Jaipur, March 30
Firefighting operations in the Sariska Tiger Reserve resumed on Wednesday morning with two Indian Air Force helicopters, disaster relief personnel and local residents mobilizing to repel the flames.
A forestry official said the situation, which had been developing since Sunday, was now “almost under control” in areas of thick dry grass that was easy to burn. But in the morning, the flames were still raging over a strip of four to five square kilometers.
At one point, however, the wildfire had spread over 10 km2.
“The fire didn’t spread much last night and was more than 50% contained from yesterday,” an official said Wednesday.
He said: “Flames are now visible in an area that has less dry grass. Therefore, we expect that it will not take much time now to bring the fire under full control.”
Four adult tigers and five cubs move around the area where the fire started. But officials said no tigers were stuck in the area. The Alwar district reserve has 27 tigers.
The official said the total forest area burned by the wildfire will be assessed once the flames are extinguished.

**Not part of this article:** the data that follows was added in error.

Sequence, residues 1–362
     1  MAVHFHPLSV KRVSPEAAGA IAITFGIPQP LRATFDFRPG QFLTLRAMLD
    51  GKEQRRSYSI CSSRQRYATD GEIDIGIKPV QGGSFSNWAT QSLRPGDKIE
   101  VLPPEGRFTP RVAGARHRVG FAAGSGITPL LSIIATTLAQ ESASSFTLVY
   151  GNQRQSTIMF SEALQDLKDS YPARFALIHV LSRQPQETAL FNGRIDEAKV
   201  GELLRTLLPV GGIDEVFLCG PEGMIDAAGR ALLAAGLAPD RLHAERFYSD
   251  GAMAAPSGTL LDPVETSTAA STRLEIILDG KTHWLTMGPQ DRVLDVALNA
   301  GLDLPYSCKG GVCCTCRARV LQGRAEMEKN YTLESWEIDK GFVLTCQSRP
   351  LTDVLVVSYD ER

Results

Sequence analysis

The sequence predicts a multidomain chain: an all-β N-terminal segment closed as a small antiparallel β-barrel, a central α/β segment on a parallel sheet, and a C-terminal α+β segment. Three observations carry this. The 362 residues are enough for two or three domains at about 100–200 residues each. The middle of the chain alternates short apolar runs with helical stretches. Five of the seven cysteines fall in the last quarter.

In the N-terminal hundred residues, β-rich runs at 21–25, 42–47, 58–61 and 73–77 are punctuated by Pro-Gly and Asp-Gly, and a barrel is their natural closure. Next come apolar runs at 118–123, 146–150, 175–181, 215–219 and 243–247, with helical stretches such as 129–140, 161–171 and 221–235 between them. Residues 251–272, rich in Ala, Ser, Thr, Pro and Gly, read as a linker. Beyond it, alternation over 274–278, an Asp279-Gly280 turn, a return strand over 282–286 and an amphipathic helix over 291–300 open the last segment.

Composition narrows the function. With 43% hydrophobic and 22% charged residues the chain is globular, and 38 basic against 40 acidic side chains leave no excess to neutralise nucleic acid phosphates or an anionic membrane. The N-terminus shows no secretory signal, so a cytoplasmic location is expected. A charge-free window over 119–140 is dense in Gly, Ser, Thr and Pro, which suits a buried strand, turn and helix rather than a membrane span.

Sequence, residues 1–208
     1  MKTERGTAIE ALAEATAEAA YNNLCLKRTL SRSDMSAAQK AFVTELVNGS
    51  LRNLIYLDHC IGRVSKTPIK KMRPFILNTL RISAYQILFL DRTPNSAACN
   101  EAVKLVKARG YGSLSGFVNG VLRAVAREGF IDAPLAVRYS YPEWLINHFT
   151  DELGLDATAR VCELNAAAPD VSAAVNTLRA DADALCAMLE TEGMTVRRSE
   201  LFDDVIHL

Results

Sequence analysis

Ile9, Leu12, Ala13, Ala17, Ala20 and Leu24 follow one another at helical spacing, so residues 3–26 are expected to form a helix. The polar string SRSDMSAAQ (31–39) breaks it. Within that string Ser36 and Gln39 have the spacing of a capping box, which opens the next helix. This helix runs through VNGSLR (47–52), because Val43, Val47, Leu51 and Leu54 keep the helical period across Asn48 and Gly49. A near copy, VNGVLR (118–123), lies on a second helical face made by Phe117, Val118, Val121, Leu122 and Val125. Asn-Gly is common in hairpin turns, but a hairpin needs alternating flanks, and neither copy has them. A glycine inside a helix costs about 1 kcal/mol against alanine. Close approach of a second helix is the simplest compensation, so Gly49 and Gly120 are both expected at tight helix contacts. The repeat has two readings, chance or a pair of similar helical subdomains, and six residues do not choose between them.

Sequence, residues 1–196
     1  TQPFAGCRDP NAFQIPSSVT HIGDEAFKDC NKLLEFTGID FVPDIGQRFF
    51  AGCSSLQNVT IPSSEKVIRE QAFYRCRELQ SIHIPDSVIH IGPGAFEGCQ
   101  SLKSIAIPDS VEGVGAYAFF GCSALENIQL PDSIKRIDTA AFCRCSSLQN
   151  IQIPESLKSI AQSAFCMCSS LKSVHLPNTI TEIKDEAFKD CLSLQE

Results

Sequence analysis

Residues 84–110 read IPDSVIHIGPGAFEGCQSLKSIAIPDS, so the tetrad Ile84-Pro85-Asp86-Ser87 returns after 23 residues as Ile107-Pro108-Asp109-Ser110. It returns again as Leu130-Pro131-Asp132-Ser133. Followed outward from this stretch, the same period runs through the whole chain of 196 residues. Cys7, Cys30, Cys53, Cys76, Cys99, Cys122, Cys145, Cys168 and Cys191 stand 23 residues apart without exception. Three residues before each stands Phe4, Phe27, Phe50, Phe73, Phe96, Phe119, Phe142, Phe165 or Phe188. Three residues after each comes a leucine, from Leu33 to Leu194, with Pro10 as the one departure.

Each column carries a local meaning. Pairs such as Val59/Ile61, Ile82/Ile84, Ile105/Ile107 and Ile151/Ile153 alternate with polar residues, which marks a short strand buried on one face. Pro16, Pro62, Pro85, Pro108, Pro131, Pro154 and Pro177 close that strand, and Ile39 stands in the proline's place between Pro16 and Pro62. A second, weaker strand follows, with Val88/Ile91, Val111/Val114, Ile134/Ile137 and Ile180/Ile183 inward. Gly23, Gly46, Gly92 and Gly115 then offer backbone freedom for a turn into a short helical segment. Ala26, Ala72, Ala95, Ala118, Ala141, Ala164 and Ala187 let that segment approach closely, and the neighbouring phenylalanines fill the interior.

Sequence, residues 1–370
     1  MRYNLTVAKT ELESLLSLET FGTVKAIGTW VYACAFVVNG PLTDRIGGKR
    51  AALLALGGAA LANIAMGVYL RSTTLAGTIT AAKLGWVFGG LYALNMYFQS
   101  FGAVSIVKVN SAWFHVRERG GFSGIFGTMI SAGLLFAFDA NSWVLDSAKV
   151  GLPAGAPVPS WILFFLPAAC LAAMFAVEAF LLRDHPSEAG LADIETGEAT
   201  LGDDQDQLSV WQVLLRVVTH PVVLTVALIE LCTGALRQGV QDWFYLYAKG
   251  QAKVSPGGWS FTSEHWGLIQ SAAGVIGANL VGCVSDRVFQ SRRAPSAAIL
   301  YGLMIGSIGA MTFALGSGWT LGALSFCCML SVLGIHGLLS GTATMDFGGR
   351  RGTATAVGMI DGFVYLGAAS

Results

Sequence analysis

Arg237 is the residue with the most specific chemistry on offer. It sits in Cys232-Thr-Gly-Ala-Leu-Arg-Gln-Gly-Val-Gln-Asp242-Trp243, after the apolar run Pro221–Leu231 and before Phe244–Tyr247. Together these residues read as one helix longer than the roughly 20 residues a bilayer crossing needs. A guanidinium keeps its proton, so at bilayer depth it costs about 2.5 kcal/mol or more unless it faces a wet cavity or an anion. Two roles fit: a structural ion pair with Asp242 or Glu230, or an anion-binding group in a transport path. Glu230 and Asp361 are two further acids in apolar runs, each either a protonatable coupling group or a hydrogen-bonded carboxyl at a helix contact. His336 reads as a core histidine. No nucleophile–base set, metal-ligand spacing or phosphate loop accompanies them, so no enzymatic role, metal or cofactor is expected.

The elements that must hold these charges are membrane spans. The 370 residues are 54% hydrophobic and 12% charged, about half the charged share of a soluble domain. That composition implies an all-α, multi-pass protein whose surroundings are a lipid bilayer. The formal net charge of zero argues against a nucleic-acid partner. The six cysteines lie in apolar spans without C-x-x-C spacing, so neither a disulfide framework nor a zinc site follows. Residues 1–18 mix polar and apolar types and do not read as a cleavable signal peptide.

The fire broke out on Sunday evening and was brought under control on Monday. But it erupted again the same evening and continued until Tuesday, spreading over an area of more than 10 km2 at one point during the day.
“At present, the fire is in an area of about four or five square kilometers and helicopters are carrying water from nearby Silisedh Lake to douse it,” the official said.
Two teams from the State Disaster Response Force (SDRF) were deployed, along with staff from the Forestry Department, nature guides and local people. In total, about 200 people are involved in the firefighting effort.
The Forest Department had earlier asked residents of nearby villages not to enter the forest area.
PM talks to Gehlot
On Wednesday, Prime Minister Narendra Modi spoke with Rajasthan CM Ashok Gehlot on the Sariska Tiger Reserve fire.
The prime minister expressed concern over the situation and assured all assistance, government sources said.
Indian Air Force helicopters deployed with water jets worked to control the blaze. TNS